The next time I glanced up at the TV screen, Amy was a ballerina. Huh? I didn't quite know what to make of that, but I supposed that she must have been playing a cop who went undercover as a ballerina. I focused on my work once again. The next time I looked at the TV screen, Amy was wearing colonial-era attire, and she appeared to be working as a historical reenactor at some sort of museum. Now I had no clue what was going on. And why was Amy getting so much screen time if she was just a guest star on this show? That's when I checked the TV listings to see what show this was.

I had heard of a show called Person of Interest before, but I knew next to nothing about it. In fact, for some reason, I was under the mistaken impression that it was a cop show similar to CSI, but with the twist that instead of using forensic science to solve cases, they used a network of CCTV cameras to identify and track down suspects. I certainly didn't know that Amy Acker was a regular on the show.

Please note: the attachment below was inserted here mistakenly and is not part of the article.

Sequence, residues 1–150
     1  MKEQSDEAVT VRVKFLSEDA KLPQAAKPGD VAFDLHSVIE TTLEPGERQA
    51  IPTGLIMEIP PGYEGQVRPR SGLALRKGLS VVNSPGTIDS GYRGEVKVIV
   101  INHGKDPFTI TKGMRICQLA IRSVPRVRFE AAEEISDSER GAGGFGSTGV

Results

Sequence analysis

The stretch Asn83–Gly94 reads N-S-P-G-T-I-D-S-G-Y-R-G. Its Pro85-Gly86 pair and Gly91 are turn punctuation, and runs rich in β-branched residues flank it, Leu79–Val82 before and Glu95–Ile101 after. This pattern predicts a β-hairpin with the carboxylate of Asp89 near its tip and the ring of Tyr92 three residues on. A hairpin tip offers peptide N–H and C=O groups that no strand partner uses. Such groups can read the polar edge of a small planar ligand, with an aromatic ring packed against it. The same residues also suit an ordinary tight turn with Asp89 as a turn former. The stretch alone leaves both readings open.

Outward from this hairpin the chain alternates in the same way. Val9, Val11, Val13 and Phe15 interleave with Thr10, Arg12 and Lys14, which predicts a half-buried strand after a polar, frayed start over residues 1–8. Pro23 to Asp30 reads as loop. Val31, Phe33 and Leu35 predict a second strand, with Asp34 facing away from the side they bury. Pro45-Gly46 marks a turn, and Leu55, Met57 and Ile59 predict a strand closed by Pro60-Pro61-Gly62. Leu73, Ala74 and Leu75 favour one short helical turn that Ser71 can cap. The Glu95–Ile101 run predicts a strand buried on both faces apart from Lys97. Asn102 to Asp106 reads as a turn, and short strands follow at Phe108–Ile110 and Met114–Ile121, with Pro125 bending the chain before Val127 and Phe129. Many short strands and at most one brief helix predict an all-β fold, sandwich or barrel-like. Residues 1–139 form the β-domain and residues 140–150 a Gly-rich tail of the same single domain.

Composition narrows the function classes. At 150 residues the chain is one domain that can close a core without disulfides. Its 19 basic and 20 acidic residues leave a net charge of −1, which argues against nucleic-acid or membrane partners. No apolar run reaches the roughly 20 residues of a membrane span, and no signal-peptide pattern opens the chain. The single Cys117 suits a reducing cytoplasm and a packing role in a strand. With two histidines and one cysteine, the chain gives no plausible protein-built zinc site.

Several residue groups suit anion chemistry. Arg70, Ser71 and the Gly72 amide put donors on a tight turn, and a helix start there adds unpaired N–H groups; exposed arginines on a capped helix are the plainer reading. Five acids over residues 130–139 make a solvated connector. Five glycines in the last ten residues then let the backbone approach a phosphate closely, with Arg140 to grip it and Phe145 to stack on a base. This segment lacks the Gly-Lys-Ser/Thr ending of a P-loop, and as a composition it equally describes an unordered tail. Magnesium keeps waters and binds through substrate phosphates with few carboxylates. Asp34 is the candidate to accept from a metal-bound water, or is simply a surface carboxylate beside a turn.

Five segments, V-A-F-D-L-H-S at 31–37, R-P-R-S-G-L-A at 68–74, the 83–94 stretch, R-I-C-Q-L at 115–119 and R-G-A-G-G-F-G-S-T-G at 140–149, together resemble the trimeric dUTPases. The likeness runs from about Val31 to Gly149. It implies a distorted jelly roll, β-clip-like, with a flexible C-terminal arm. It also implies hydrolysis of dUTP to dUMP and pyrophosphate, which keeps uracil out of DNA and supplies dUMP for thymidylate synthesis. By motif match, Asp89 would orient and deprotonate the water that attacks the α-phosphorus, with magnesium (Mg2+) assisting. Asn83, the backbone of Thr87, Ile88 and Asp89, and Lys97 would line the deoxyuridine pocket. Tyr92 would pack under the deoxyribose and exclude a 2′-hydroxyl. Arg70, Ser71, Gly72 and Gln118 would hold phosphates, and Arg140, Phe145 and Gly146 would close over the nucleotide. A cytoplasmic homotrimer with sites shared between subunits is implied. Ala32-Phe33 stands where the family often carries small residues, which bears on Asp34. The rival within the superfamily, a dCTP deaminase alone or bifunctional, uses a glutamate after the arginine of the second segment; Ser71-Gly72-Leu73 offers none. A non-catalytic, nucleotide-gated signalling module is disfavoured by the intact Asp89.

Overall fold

5 years ago @ Mark Watches - Mark Watches 'Person o... · 3 replies · +13 points

In case anyone is wondering, the title of this episode, "B.S.O.D.", is an abbreviation of the infamous expression "blue screen of death"—the dreaded blue screen that appears on a computer running the Windows operating system when it has encountered a fatal error.

5 years ago @ Mark Watches - Mark Watches 'Person o... · 0 replies · +10 points

In case anyone is wondering about the title of this episode, YHWH is the most commonly used Romanization of the Hebrew name יהוה (though you may also see it transliterated as YHVH, JHWH, or JHVH), which is the sacred personal name of the God worshiped by Jews (and later by Christians and Muslims) as the One, True God.

Many devout Jews scrupulously avoid speaking this name aloud or writing it out in full for fear of violating the commandment, "Thou shalt not take the name of YHWH thy God in vain." For them, the name is regarded as unpronounceable, which is why it is generally written without vowels. In order to avoid writing or saying this name, many Jews will substitute in its place the word אֲדֹנָי‏ (Adonai—literally "my Lord") in Hebrew, or the LORD (usually written in all caps or small caps) in English (which is how it appears in most English Bibles).